The weaver's initials are those of Frans van der Hecke (d. 1675).
The Life of Decius Mus tapestry series depicts Decius Mus and Titus Manlius leading the Roman armies against the Latins at Capua. The two generals had a vision and decided that the victory could only be achieved with the sacrifice of one of them, which was to be Decius Mus. This scene depicts Decius Mus sending off the Lictors to let Titus Manlius know that he has decided to sacrifice himself. Shortly thereafter he threw himself into battle and lost his life.
This series was the first truely baroque tapestry design and replaced the previously so popular Raphael designs of the early 16th Century such as the Acts of the Apostles (see lot 236), which continued, although to a lesser degree, to be woven throughout the 17th Century. Being Peter Paul Ruben's (d. 1640) first tapestry set, designed in 1615, it was also the first replacement of the old series by a major designer and it guided tapestry design into a new phase. Eight oil-cartoons (there appear to have existed more at one point) were bought in 1696, and still remain in the collection of the Prince of Liechtenstein in Vaduz (exhibited Liechtenstein, The Princely Collections, Metropolitan Museum of Art, New York, nos. 210-217). The longest set of this series consists of fourteen tapestries, although several of them are clearly not designed by the same hand.
The series was first commissioned by Franco Cattaneo for a group of Genoese noblemen on 9 November 1616 from the ateliers of Jan Raes the elder (d. 1631) and Frans Sweerts.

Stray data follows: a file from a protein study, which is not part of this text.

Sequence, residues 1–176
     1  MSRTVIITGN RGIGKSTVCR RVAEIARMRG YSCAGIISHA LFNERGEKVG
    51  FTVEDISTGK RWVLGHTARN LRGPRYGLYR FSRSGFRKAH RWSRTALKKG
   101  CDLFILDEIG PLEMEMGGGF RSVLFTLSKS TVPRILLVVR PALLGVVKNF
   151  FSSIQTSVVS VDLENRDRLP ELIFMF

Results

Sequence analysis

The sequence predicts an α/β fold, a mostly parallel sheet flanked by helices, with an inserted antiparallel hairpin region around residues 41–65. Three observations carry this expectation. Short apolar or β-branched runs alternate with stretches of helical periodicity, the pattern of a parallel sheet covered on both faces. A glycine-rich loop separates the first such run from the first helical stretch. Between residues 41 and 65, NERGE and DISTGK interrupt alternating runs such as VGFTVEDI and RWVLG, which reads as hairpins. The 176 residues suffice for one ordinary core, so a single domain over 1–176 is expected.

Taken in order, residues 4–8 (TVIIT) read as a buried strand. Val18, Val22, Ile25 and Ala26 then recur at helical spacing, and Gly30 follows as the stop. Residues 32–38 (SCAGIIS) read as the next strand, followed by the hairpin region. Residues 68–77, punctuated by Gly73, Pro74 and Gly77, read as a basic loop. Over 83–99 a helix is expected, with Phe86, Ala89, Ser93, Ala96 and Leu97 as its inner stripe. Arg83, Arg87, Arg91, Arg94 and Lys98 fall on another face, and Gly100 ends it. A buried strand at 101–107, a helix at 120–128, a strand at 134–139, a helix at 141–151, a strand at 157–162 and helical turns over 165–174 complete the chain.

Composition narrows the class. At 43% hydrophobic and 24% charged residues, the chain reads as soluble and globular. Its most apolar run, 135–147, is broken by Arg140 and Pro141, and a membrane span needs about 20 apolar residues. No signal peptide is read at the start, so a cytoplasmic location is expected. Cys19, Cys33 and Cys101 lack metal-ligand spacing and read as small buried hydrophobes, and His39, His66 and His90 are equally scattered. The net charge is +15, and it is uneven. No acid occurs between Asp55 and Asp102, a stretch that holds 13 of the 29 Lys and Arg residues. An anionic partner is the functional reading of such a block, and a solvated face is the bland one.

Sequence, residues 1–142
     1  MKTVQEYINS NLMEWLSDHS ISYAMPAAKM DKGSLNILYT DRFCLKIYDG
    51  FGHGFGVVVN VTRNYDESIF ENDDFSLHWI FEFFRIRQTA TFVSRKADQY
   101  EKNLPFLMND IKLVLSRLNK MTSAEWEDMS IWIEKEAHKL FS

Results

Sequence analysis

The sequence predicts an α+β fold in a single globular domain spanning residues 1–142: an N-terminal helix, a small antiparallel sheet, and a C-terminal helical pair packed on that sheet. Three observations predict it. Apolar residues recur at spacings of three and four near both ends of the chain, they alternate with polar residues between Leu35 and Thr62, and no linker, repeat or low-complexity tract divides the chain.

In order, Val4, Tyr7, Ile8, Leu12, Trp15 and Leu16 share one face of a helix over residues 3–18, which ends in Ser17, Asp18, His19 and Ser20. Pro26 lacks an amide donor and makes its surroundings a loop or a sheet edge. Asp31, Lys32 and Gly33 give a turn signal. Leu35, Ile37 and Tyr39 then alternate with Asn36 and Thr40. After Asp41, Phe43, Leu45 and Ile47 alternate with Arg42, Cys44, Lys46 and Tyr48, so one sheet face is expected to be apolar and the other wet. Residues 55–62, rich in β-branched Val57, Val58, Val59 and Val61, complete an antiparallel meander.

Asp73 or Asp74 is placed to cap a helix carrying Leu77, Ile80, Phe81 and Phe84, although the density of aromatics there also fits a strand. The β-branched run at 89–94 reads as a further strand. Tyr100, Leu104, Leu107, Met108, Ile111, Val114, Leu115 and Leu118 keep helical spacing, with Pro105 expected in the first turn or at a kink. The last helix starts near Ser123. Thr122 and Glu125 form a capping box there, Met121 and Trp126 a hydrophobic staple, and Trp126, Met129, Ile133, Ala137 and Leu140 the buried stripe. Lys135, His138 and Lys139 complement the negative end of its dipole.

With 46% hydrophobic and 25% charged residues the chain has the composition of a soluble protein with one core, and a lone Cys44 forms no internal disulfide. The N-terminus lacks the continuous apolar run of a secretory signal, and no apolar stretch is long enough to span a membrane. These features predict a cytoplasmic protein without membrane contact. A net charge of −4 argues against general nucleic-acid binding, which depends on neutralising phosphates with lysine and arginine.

This particular example was woven by Frans van der Hecke (d. 1675), who came from a long established weavers family which is known to have produced tapestries from the mid-16th to the mid-18th Century. He acquired eaving privileges in 1629, became head of the guild in 1640 and was finally tapestry supplier to the Court. He wove a number of tapestries from the Decius Mus series, one set of which remains in the Swedish Royal Collection. The cartoons for the series are even recorded in the 1675 will of Frans van der Hecke as one of the principal assets and were inherited by his son.
A set of eight tapestries from this series woven by Jan Raes and Jacob Geubels remain in the Spanish Royal Collection and are illustrated in P. Junquera de Vega and C. Diaz Gallegos, Catalogo de Tapices del Patrimonio Nacional, Madrid, 1986, vol. II, pp. 89-97, series 52. A further tapestry illustrating this scene and with closely related borders, by Jan Raes, was sold anonymously, Sotheby's Monaco, 19-20 June 1992, lot 833, and a further tapestry depicting The Lion Hunt by Jan Raes is illustrated in D. Heinz, Europäische Tapisseriekunst des 17. und 18. Jahrhunderts, Vienna, 1995, p. 21, fig. 2. A fragment illustrating The Dismissal of the Lictors by Frans van der Hecke was sold from the property of Donna Marcella Traballesi, Palazzo della Stufa, Florence, Christie's house sale, 3-4 October 1995, lot 123.